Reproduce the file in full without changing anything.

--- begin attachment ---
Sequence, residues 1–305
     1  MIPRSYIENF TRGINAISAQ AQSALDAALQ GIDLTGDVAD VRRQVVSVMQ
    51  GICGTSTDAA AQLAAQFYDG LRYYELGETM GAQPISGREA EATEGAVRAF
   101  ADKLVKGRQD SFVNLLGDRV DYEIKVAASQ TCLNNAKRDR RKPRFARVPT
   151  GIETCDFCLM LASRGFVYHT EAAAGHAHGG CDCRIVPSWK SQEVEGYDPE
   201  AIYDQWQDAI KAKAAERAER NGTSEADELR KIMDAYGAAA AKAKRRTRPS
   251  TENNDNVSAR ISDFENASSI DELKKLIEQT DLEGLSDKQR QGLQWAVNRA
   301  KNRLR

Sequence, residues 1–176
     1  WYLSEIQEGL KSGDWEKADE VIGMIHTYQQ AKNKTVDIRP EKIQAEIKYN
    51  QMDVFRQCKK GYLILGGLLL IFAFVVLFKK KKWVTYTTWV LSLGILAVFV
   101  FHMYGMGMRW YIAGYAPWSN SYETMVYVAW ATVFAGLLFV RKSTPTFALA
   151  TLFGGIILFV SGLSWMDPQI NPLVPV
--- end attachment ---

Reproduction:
Sequence, residues 1–305
     1  MIPRSYIENF TRGINAISAQ AQSALDAALQ GIDLTGDVAD VRRQVVSVMQ
    51  GICGTSTDAA AQLAAQFYDG LRYYELGETM GAQPISGREA EATEGAVRAF
   101  ADKLVKGRQD SFVNLLGDRV DYEIKVAASQ TCLNNAKRDR RKPRFARVPT
   151  GIETCDFCLM LASRGFVYHT EAAAGHAHGG CDCRIVPSWK SQEVEGYDPE
   201  AIYDQWQDAI KAKAAERAER NGTSEADELR KIMDAYGAAA AKAKRRTRPS
   251  TENNDNVSAR ISDFENASSI DELKKLIEQT DLEGLSDKQR QGLQWAVNRA
   301  KNRLR

Sequence, residues 1–176
     1  WYLSEIQEGL KSGDWEKADE VIGMIHTYQQ AKNKTVDIRP EKIQAEIKYN
    51  QMDVFRQCKK GYLILGGLLL IFAFVVLFKK KKWVTYTTWV LSLGILAVFV
   101  FHMYGMGMRW YIAGYAPWSN SYETMVYVAW ATVFAGLLFV RKSTPTFALA
   151  TLFGGIILFV SGLSWMDPQI NPLVPV